Boris Johnson says 'all options are on the table' over North Korea

The proximity of South Korean capital Seoul means the North 'could basically vaporise' large parts of the population even with conventional weapons, Foreign Secretary warns

Tom Peck
Sunday 03 September 2017 13:56 BST
The Foreign Secretary said the North Korean test represented a 'new order' of threat
The Foreign Secretary said the North Korean test represented a 'new order' of threat (PA)

Foreign Secretary Boris Johnson has said "all options are on the table" after North Korea's latest nuclear test.

Mr Johnson said the ramifications of the test, being able to fit a nuclear warhead to a missile would present a "new order of threat" from Kim Jong Un's regime.

He condemned the "reckless" behaviour of the North Korean government.

He added that "none of the military options are good" and urged China to put tougher economic pressure on North Korea, in seeking to bring about a resolution to the escalating crisis on the Korean peninsula.

The Foreign Secretary said that North Korea could "vaporise" large parts of neighbouring South Korea "even with conventional weapons" as he urged all parties, including Russia, Japan and China, to find a diplomatic solution.

Last night, North Korea are understood to have undergone another nuclear test, this time a hydrogen bomb several times more powerful than that which was dropped on Nagasaki in 1945.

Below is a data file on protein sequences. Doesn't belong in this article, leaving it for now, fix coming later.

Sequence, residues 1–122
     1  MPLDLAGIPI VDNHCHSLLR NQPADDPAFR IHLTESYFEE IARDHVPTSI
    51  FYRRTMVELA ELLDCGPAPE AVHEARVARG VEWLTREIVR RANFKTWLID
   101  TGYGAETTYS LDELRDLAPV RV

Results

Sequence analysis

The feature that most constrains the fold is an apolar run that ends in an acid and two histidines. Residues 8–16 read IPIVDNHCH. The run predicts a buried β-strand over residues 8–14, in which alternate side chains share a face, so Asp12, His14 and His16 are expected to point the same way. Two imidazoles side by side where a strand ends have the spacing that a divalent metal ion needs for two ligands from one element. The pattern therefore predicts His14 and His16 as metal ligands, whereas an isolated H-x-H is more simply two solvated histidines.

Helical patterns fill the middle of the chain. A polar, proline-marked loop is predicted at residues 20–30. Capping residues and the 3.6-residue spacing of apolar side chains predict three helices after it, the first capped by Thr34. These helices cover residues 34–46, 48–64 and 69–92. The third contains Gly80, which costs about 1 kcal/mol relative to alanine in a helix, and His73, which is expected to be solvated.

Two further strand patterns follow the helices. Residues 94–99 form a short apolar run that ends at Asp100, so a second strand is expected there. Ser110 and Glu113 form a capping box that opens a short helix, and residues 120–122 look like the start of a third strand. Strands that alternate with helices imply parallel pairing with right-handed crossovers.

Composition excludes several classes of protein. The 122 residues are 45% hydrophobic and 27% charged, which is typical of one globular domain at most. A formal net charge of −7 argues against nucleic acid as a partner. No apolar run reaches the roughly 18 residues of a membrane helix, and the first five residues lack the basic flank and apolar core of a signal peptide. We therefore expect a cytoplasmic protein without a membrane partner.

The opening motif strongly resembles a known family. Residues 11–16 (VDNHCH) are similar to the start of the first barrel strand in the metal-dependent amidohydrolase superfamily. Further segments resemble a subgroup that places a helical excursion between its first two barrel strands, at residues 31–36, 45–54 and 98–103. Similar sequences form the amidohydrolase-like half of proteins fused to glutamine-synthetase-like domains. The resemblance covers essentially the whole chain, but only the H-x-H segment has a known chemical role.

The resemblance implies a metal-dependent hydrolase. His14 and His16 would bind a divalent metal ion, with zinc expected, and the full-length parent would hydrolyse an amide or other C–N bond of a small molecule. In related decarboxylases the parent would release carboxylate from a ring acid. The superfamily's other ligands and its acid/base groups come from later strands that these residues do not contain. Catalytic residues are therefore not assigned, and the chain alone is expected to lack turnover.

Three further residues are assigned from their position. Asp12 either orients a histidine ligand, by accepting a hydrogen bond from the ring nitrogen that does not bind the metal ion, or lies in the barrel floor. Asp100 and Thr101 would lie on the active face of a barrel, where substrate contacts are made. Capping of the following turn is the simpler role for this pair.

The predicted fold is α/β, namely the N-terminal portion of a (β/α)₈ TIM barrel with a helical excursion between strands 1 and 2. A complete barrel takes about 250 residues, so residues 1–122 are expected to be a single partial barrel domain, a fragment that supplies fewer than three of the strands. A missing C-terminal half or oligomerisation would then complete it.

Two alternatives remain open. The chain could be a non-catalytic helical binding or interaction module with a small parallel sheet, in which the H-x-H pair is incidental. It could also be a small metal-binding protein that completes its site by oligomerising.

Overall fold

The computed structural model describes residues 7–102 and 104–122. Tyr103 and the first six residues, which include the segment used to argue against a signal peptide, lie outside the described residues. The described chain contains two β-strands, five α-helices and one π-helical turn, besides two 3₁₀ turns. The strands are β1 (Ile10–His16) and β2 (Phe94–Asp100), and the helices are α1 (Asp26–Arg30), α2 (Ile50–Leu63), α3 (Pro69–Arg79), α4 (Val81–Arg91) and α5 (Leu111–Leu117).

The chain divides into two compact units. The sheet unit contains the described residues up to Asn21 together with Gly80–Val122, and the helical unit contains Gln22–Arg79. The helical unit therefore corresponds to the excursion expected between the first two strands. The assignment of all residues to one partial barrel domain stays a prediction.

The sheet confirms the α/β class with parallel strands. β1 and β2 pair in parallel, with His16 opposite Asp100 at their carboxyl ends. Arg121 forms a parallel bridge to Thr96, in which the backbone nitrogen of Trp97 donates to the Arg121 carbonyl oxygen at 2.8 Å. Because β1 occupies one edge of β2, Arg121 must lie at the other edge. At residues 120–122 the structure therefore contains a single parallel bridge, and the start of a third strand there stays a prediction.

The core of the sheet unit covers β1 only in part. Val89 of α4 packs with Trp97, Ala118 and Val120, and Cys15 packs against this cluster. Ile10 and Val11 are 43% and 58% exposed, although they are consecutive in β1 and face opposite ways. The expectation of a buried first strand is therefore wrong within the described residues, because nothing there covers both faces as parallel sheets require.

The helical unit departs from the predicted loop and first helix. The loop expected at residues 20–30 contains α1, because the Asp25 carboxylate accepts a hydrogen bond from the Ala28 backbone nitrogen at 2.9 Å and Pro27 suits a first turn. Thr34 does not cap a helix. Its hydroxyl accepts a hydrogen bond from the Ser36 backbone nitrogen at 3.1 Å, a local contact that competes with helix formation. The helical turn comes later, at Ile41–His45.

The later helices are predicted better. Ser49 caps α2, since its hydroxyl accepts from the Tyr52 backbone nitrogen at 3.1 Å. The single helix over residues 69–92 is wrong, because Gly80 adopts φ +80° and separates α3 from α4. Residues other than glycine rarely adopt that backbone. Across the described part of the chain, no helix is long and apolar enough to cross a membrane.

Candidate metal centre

United States President Donald Trump said on Twitter: "North Korea is a rogue nation which has become a great threat and embarrassment to China, which is trying to help but with little success. South Korea is finding, as I have told them, that their talk of appeasement with North Korea will not work, they only understand one thing!"

The test came after propaganda pictures were published of Kim examining what was said to be a nuclear warhead being fitted on to the nose of an intercontinental ballistic missile.

The Foreign Secretary said: "There is no question that this is another provocation, it is reckless, what they are doing is they seem to be moving closer towards a hydrogen bomb which, if fitted to a successful missile, would unquestionably present a new order of threat.

"We have to consider how to respond and it's our view in the UK, overwhelmingly, that peaceful diplomatic means are the best."

Asked how close the crisis was to conflict, Mr Johnson said: "It's certainly our view that none of the military options are good. It is of course right to say that all options are on the table, but we really don't see an easy military solution."

The proximity of South Korean capital Seoul meant the North "could basically vaporise" large parts of the country's population even with conventional weapons, he warned.

The Chinese government "expressed firm opposition and strong condemnation" and urged North Korea to "stop taking erroneous actions that deteriorate the situation".

But Mr Johnson urged Beijing to go further in putting economic pressure on its neighbour.

He said: "Our message to the Chinese is, and we are working ever more closely with them, we think there is more scope for you, the Chinese, to put economic pressure on the North Koreans.

"It has worked, we have seen signs in the last six months of Chinese pressure actually changing the approach of North Koreans - let's see if we can do it again."

The detonation was North Korea's sixth and most powerful nuclear test to date.

The artificial earthquake triggered by the detonation was several times stronger than from previous blasts and reportedly shook buildings in China and Russia.

The test was carried out at 12.29pm local time at the Punggye-ri site where North Korea has conducted nearly all of its past nuclear tests.

Officials in Seoul put the magnitude of the quake at 5.7 while the US Geological Survey said it was a 6.3.

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